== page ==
Skip to comments.Cashin: Excess bank reserves are a worrying 1930s parallel
Posted on 08/26/2013 8:18:41 PM PDT by upbeat5
Inflation has been notably absent from the economy this summer, despite bullish moves in gold and a continued debate over the tapering of asset purchases by the Federal Reserve.
According to Art Cashin, director of floor operations at UBS Financial Services, the central bank's effect on the financial system has worrying parallels to the period leading up to the Great Depression.
"The weak data that we've gotten, particularly the housing on Friday, hints that tapering may be held back or may not be a factor, " Cashin told "Squawk on the Street" on Monday. "Many of the proponents of gold are looking for inflationary pressure and part of that is soft money, and that's kind of what they're hoping for."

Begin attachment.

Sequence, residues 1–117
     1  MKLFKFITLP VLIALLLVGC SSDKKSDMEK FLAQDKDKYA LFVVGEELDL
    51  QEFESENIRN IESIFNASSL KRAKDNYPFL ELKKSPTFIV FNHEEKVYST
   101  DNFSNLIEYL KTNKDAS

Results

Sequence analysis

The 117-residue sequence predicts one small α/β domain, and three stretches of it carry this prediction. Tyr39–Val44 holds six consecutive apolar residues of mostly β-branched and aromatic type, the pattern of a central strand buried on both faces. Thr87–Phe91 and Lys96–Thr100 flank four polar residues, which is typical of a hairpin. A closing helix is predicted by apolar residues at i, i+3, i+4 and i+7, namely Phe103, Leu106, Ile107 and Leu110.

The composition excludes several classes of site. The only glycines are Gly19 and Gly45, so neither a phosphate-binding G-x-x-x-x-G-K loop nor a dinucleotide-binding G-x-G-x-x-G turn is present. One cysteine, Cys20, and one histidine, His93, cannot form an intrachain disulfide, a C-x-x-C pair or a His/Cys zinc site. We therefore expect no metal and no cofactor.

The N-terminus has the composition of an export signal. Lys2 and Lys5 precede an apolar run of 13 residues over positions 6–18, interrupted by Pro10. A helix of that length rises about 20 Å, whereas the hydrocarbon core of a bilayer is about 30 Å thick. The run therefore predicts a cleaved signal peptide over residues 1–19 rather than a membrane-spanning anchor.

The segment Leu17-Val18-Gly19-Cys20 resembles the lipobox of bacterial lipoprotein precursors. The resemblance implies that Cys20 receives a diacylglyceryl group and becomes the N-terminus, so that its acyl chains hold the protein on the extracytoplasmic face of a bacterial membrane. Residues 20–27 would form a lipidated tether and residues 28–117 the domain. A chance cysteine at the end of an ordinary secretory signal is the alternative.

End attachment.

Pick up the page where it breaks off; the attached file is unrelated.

The problem for many hedge funds, Cashin said, is that a number of them bet that inflation would hit the markets after continued easing from the Federal Reserve, but the expected move hasn't materialized. "They've looked and said, 'Gee the Fed is printing money like crazy, that's got to be inflationary,' and ordinarily it has been."
However, Cashin said, much of the Fed's new money hasn't found its way to the economy, as financial institutionsthe major recipients of easy moneyare too nervous to put the capital to work. This nervousness is reflected in nearly $2 trillion of excess free capital reserves, he explained.
(Excerpt) Read more at cnbc.com ...
Dow at 15,000 now that’s inflation. It is a huge financial bubble.
Bernanke has engineered his very own liquidity trap.